I would try to help Erin and Troy to learn to listen to each other, to reflect to them how they are missing each other, blah, blah, blah therapy basics. But, throughout whatever content we were discussing, my desire would be to inquire after Troy’s vulnerability and Erin’s feelings of aggression, as these seem to be what this couple has most out of balance. For the record there are just tons of different gender binary trope-traps to fall in - the Sexual Pursuer/Distancer, the Intellectual Masculine/The Emotional Feminine, etc.. Erin and Troy are likely to have some version of the Girl Next Door meets Bad Boy story. He was super hot to her even though she knew he was all wrong for her. He showed her a tiny flash of interest and maybe even a spark of his repressed tenderness at first. Now she hates her life with him and expects him to leave his wild life behind. (again, I have so seen this same shit in all types of gay relationships). In this stereotype the emphasis is on aggression. Our Girl Next Door, Erin has none; her Bad Boy Troy is literally injecting himself with it. 

Of the three options I offered above for meeting corrosive gender roles finding new ways of being, to sit in awareness without action or join in the banal dance of dying tropes, the one I recommend folks start with is to sit in awareness without action. This would not be my approach with abusive behavior, but I am going to focus on non-abusive behavior for now. Just try to notice when you are doing the behavior that your therapist or partner points out to you as inappropriate. For example, Troy is aware at some level of his attraction to other men. He knows he is performing a cliché’. I would want him to get really curious about how it felt to perform that identity. To draw out more details about this, to add mindfulness, is to increase his awareness to a more immediate kind of experiencing of himself. When he comes home and refuses to talk to Erin, sits in a chair and drinks 12 beers and she starts crying. What is it they are enacting? What does it feel like to each of them? Don’t fight it first, just notice. Whatever these answers are they will likely lead to Troy’s vulnerability and Erin’s repressed rage.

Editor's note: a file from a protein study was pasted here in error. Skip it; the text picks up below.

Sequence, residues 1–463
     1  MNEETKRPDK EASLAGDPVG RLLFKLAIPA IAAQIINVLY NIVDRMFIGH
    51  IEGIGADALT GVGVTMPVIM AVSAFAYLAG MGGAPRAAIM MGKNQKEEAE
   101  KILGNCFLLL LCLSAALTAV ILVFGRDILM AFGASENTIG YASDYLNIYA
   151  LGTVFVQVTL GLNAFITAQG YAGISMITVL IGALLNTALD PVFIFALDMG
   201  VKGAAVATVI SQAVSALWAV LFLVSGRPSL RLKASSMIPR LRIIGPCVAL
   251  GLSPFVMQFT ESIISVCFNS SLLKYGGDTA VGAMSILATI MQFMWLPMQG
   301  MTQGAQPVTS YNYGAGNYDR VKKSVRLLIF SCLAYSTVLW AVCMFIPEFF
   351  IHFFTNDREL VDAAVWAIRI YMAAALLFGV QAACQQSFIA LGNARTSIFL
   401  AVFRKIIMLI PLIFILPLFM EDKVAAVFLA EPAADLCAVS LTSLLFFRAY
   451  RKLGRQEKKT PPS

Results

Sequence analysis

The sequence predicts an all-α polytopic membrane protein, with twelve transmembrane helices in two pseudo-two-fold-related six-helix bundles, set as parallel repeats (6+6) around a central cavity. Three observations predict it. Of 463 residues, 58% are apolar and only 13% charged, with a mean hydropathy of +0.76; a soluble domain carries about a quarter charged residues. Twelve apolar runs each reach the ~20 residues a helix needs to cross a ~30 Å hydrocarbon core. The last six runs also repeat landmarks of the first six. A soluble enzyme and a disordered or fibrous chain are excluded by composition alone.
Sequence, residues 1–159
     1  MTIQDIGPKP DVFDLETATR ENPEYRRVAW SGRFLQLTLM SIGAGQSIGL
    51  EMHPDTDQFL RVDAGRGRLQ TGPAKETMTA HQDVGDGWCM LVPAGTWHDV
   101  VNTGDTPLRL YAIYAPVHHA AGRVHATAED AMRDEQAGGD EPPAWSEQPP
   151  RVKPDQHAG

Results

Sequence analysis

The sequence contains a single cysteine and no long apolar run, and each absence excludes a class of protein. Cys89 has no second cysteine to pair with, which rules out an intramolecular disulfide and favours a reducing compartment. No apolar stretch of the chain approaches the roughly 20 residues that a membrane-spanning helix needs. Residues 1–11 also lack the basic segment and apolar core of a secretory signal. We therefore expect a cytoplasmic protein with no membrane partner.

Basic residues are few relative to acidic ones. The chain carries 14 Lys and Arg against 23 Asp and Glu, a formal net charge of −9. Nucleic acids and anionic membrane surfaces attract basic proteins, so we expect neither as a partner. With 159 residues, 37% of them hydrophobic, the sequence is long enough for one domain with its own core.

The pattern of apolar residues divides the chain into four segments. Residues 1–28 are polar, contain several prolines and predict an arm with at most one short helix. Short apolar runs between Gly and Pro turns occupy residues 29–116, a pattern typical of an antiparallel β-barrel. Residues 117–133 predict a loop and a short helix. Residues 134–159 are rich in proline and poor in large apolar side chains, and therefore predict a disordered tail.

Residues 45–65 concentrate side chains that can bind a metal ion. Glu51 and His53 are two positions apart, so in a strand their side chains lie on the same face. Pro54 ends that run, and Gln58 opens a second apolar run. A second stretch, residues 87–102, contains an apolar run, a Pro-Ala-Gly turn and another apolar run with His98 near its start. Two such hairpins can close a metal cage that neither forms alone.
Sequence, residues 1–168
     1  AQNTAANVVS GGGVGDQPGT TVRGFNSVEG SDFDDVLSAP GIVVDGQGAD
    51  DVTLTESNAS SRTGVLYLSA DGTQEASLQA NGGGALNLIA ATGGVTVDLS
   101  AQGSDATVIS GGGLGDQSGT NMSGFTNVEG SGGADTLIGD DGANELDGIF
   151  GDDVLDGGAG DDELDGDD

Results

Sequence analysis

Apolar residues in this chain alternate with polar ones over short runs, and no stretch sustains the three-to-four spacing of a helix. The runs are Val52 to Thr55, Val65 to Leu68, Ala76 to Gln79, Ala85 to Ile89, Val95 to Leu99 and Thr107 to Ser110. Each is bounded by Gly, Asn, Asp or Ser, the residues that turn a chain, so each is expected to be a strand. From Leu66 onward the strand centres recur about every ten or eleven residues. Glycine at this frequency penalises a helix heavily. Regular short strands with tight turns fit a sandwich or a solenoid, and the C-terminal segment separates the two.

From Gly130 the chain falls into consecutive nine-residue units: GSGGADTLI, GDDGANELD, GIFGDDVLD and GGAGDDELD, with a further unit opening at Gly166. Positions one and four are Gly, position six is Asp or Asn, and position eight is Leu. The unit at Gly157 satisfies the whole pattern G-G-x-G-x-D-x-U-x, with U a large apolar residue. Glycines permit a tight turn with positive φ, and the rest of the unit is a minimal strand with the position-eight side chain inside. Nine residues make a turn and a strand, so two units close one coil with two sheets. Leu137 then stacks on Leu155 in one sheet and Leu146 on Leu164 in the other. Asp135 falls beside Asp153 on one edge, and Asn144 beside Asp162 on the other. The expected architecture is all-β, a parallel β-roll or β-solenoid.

Along the way we will encounter obstacles, some of them so deeply ingrained that they tie to nonverbal states. Men in therapy (and also some trans women, non-binary folx and trans men) for example, often encounter a hard feeling or numbness that feels impenetrable when they are trying to find their exiled emotions. Encountering this again and again can be frustrating and exhausting. Sometimes the exasperation at the process is what leads to the first flow of tears. But, that is hard work, especially in a society that condones the opposite. Women (or other members of complex identities with female socialization or hormones) may struggle to find their voice, to speak up. Speaking to conflict/honoring one’s aggression as a woman can feel like pushing the words through concrete to get them out of your mouth at times. Often early attempts at things we haven’t done before are infantile, because that’s when we stopped doing them.